A group of anonymous artists staged a protest against the death of Mahsa Amini in Iran at the Guggenheim Museum on Saturday.
The collective known as Anonymous Artists For Iran had the protest at the Guggenheim Museum in support of Mahsa Amini. From the top floor of the museum, the protestors unfurled 12 red flags. The flags had the image of Amini and the message “Women, Life, Freedom”. In a later statement, the group called the protest a “call for action to support the current revolution in Iran.” While the protest was held unannounced, it faced no objection from the museum authorities. The Guggenheim is yet to issue an official response to the incident.
Mahsa Amini died last month in Tehran after being apprehended by Iranian police. Her family later alleged that she had died due to the torture she faced by the cops under detention. Her death sparked massive public outrage in Iran – one of the biggest in the country’s history. The protests were mostly led by women who spoke against the Iranian regime and the excessive moral policing of women.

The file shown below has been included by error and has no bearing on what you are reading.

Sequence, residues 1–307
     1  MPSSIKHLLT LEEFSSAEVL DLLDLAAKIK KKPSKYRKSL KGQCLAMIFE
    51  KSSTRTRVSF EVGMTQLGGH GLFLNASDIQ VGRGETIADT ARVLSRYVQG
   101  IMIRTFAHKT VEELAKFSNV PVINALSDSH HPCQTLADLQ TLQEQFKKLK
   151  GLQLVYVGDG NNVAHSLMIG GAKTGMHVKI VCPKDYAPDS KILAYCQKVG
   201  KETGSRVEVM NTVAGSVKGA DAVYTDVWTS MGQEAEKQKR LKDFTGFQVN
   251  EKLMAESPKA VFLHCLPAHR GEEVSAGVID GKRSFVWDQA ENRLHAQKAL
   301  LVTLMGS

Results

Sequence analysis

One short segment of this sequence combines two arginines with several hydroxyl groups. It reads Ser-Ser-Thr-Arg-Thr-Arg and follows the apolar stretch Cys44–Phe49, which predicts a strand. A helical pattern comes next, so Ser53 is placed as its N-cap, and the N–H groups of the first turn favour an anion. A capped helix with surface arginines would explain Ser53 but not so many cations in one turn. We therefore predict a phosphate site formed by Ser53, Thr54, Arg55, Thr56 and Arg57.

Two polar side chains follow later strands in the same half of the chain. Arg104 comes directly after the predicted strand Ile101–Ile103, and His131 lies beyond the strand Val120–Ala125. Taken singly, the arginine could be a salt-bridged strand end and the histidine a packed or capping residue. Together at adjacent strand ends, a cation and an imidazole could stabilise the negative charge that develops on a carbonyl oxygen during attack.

Internationally, however, responses to the incident have been timid. Public protests, like the one in Berlin a few days ago, have been few. Many Iranians based in other countries have highlighted the lack of response in the West to the “human rights crisis” in Iran. Artist Shirin Neshat, who has been frequently featured at Guggenheim, has also spoken about the silence in the art community over the protests. She applauded the protestors at Guggenheim, calling them “the conscience of the sleepy art world who cares little for Iranian women fighting for basic human rights and freedom.” Meanwhile, protests in Iran have been going strong in the second month.